Broadleaf weed control in hard red spring wheat (Triticum aestivum) with F8426

Beverly R. Durgan, Joseph P. Yenish, Ross J. Daml, Douglas W. Miller

Research output: Contribution to journalArticlepeer-review

12 Scopus citations

Abstract

Studies were conducted at Rosemount and Crookston, MN, in 1994 and 1995 to determine weed control efficacy and crop injury of F8426 (proposed common name carfentrazone-ethyl) in hard red spring wheat. F8426 alone and with 2,4-D or dicamba generally controlled common lambs-quarters, kochia, and velvetleaf 90% or more at 0.026 and 0.035 kg/ha. F8426 alone and with 2,4-D or dicamba controlled Pennsylvania smartweed, wild buckwheat, and wild mustard 39 to 100% and was less consistent than control of the aforementioned species. Weed control varied little among the F8426 rates. Weed control was inconsistent between location, year, and species when F8426 was combined with crop oil concentrate, urea-ammonium nitrate solution, and nonionic surfactant. Control was more consistent when 0.28 kg/ha 2,4-D or 0.07 kg/ha dicamba was tank mixed with either F8426 rate. The best control with an F8426 treatment was similar to control from MCPA tank mixed with thifensulfuron plus tribehuron, bromoxynil, or dicamba. Weed control 30 and 45 days after treatment (DAT) was less for F8426-containing treatments than standard treatments, which likely was related to reduced crop competition after severe crop injury. Increasing F8426 rate from 0.026 to 0.035 kg/ha did not greatly increase wheat injury, whereas adding 0.28 kg/ha 2,4-D to either F8426 rate greatly increased crop injury. Wheat yield was reduced up to 63% by F8426 and 2,4-D combinations.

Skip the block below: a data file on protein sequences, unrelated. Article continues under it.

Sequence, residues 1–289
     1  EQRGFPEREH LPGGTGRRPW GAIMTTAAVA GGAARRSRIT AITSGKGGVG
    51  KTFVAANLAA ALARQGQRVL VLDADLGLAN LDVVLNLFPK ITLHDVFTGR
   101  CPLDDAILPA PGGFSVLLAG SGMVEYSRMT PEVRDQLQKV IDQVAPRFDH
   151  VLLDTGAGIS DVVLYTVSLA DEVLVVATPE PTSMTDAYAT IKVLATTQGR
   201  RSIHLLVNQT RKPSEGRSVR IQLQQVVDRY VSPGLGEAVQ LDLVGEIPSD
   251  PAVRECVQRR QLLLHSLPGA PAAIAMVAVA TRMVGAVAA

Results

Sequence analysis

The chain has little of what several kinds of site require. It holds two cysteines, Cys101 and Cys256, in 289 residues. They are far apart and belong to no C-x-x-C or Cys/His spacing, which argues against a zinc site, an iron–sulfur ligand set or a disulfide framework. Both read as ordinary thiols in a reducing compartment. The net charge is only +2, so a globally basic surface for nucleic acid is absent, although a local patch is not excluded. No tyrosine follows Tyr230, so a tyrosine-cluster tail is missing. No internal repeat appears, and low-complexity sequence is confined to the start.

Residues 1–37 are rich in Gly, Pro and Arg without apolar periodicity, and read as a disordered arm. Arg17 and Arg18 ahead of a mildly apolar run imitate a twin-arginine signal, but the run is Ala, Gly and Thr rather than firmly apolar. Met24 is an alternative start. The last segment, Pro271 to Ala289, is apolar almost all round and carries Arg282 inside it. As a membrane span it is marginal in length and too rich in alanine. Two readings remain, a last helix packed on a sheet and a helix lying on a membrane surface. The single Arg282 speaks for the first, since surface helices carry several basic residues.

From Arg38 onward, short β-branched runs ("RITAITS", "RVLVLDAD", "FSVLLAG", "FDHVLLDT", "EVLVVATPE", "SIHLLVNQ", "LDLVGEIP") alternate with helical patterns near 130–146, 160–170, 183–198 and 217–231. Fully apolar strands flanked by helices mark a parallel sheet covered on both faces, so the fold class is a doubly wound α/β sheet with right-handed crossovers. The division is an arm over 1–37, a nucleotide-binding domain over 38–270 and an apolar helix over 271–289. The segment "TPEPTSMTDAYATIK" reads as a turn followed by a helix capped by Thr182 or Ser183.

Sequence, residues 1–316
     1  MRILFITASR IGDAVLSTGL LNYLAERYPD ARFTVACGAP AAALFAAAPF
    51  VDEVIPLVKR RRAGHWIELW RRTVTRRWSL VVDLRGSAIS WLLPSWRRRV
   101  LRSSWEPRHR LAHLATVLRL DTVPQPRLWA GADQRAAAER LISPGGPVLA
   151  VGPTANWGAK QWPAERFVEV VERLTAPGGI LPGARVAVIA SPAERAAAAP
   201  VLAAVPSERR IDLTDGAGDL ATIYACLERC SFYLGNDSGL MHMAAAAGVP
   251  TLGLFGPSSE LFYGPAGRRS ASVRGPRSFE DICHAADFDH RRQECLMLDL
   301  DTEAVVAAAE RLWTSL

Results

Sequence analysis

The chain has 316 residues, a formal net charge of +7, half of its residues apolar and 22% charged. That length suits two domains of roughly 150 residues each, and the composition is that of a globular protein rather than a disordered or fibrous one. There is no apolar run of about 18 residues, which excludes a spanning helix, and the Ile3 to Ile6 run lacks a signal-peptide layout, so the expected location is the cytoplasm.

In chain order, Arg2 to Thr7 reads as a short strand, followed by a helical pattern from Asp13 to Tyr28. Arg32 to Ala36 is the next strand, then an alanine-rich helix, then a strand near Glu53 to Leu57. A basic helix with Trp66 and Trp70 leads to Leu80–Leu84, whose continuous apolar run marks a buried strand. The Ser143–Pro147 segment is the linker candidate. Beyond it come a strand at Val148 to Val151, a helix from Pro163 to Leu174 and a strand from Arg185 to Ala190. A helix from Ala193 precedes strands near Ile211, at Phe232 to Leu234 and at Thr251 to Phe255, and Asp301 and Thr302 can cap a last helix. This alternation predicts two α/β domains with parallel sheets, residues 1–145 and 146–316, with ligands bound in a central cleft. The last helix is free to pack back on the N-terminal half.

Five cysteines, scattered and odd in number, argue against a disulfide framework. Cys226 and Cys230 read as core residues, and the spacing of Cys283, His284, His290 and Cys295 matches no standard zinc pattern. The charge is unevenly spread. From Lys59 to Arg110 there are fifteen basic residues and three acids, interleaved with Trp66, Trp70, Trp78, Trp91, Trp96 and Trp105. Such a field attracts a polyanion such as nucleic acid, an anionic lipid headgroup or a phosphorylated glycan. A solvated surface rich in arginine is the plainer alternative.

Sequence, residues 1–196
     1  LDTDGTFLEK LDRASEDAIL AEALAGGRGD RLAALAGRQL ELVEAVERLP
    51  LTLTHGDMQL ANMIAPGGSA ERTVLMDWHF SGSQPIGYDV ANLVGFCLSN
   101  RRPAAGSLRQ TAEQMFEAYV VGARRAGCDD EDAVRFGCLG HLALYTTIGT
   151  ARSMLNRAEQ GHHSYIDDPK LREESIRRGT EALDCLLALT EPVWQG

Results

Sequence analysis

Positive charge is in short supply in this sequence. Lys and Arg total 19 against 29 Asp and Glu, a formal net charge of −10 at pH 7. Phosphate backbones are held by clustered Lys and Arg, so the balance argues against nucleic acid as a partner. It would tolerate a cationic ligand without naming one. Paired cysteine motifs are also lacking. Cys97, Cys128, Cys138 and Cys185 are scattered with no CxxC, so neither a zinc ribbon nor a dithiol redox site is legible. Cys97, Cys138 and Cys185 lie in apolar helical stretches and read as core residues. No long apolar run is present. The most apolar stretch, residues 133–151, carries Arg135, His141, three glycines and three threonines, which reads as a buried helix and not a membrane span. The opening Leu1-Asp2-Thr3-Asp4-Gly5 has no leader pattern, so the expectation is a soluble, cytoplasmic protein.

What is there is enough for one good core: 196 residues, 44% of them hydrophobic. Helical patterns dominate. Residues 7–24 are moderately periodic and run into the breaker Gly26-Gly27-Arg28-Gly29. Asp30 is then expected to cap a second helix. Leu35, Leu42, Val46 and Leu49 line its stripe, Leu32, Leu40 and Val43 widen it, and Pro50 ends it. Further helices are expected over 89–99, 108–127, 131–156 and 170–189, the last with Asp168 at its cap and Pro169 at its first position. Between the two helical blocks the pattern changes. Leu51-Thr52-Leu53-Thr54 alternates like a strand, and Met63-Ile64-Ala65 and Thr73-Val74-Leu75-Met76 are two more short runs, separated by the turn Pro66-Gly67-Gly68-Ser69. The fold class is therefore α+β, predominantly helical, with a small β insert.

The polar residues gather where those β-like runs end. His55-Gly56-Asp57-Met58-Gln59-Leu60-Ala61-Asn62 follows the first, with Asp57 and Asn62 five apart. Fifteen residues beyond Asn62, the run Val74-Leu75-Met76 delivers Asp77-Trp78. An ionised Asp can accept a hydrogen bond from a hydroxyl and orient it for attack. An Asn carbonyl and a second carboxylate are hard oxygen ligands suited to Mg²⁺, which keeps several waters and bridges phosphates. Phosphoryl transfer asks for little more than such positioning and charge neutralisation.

Original languageEnglish (US)
Pages (from-to)489-495
Number of pages7
JournalWeed Technology
Volume11
Issue number3
DOIs
StatePublished - 1997

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